They don't really contradict each other; the clonality of neoantigens adds an extra layer over the overall mutational load ; but overall mutational load (and consequently overall neoantigen burden, because mutations in a fixed sequence context generate neoantigens at a certain rate) by themselves are also predictive.
Tumours with a high neoantigen burden tend to generally respond better anyway (See Snyder et al, NEJM , Rizvi et al, Science and Van Allen et al, Science) and also the fact that mismatch repair deficient cancers generally tend to respond.
So if you take high neoantigen tumours already (both lung and melanomas have extremely high mutation burdens), and then stratify them based on neoantigen clonality , you tend to further stratify patients by response associating with checkpoint blockade.
The whole point of McGranahan et al was to point out that it is possible to raise immune responses that target all the cells in a tumour, and that the ability to do this may dictate survival in general and checkpoint blockade response in particular, but only when antigen presentation and immune infiltration are intact. McGranahan et al note that clonal neoantigens do nothing in Lung squamous cancers because of depleted CD8 infiltration and MHC class I expression and there is other work (See http://www.pnas.org/content/113/48/E7759.abstract )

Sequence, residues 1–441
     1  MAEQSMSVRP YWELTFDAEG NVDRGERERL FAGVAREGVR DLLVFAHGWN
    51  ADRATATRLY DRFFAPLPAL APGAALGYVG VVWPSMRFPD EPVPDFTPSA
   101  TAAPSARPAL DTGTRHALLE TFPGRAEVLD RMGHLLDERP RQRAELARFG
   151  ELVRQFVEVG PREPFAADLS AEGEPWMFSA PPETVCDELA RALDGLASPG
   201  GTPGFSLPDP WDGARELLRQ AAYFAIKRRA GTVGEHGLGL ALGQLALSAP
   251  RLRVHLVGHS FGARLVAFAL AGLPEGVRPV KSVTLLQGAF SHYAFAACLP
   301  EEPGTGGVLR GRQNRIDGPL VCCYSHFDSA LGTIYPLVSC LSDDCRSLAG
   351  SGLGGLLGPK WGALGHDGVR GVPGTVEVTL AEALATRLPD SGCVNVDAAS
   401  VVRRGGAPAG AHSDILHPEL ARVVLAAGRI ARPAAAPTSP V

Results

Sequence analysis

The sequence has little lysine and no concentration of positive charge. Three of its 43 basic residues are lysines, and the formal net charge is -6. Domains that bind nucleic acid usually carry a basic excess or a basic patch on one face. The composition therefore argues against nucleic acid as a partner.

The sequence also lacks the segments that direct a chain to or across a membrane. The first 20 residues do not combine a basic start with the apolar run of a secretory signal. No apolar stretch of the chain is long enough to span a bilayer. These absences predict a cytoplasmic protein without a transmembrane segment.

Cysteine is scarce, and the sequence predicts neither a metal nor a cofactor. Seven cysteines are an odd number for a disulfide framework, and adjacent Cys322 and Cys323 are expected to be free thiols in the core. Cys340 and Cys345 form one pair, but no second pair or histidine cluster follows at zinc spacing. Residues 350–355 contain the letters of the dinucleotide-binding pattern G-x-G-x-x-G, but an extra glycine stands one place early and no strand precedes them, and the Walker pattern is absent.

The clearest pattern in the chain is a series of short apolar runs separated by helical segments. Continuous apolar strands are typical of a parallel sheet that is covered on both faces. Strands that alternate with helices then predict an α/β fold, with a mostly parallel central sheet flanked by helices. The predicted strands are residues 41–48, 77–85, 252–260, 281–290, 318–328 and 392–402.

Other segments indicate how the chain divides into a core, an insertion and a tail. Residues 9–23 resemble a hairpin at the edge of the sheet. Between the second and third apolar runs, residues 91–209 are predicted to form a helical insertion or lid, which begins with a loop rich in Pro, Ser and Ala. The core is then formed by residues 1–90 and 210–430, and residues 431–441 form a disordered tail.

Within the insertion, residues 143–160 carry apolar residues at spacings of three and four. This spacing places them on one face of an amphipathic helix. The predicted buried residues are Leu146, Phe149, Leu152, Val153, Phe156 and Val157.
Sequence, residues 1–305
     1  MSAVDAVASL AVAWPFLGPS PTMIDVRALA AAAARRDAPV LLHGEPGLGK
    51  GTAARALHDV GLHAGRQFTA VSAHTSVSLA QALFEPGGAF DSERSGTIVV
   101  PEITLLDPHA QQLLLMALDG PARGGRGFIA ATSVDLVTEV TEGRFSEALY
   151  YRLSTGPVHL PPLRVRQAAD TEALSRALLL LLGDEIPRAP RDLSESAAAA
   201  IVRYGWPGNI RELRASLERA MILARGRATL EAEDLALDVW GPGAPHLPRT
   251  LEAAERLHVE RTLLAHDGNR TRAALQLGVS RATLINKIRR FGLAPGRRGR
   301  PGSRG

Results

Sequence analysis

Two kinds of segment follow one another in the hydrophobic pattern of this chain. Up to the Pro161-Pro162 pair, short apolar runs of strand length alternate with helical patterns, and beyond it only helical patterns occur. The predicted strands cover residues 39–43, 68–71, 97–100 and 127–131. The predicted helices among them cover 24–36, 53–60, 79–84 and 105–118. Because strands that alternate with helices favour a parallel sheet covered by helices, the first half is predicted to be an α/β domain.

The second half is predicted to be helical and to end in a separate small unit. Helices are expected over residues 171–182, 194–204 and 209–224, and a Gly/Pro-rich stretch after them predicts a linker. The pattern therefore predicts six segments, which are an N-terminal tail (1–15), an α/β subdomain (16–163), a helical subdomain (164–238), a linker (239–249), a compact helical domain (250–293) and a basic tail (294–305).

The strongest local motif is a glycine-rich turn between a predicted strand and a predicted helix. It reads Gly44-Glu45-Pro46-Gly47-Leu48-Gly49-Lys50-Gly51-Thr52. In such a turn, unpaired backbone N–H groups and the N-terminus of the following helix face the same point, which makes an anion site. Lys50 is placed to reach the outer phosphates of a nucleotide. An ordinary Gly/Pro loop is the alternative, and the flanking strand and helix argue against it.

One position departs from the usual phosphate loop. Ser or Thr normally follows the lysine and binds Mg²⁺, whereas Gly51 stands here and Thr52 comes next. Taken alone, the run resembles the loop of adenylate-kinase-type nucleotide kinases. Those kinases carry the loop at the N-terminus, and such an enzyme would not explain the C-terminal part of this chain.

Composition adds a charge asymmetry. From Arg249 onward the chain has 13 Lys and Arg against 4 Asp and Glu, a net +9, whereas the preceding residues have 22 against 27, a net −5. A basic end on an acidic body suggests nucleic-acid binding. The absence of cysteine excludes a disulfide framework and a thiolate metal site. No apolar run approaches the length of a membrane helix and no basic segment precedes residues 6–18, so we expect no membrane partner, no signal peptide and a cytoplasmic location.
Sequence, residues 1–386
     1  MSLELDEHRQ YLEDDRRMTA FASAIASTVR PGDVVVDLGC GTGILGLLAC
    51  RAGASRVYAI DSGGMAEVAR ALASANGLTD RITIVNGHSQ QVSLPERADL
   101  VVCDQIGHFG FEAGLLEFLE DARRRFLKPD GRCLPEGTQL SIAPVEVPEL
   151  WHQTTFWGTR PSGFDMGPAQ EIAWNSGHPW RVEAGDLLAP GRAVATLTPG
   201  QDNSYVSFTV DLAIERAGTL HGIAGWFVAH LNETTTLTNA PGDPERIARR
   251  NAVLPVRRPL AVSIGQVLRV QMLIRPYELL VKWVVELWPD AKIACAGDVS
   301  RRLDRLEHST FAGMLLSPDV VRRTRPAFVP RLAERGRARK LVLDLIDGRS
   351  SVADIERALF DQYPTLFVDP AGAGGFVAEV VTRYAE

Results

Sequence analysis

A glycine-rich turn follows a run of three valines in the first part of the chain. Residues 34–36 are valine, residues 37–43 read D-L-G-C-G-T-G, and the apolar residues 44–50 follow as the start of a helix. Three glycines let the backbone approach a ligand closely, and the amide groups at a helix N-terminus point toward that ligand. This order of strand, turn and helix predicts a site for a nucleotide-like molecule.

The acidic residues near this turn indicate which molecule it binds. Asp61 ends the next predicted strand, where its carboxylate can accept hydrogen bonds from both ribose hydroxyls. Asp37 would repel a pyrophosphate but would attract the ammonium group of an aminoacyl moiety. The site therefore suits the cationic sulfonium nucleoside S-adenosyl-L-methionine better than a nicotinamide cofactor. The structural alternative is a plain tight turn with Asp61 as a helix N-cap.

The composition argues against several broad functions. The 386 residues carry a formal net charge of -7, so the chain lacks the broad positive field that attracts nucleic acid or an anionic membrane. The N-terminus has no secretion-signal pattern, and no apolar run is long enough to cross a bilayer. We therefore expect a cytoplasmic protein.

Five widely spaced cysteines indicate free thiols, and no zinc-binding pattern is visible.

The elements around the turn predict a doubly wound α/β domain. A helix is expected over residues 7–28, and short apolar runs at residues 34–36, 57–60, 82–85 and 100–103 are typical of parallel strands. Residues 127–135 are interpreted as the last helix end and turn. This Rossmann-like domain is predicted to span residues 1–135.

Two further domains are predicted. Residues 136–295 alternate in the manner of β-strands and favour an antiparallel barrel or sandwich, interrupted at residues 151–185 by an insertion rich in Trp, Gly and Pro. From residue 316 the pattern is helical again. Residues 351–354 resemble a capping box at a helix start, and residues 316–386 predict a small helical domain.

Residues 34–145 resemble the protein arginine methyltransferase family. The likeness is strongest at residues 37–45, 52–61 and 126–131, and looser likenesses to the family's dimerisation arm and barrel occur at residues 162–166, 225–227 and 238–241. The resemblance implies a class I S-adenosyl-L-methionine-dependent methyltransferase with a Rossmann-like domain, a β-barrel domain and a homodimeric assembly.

As for this bit
Plus, probabilistically how likely it is for a certain cancer lesions
to have lots of shared mutations? A totally genetically homogeneous
lesion with no branches with a very high number of mutations.
That is quite complicated to answer; but as a general rule it is worth remembering that, as the number of divisions and the number of mutations (and ergo prospective subclones) increases, for tumours to stay clonal it requires extremely strong selective sweeps so that at any given time a very small number of clones tends to predominate, and at least in untreated/pre-treatment tumours, there is the tendency for a lot of them to show effectively neutral patterns of evolution ( http://www.nature.com/ng/journal/v48/n3/abs/ng.3489.html )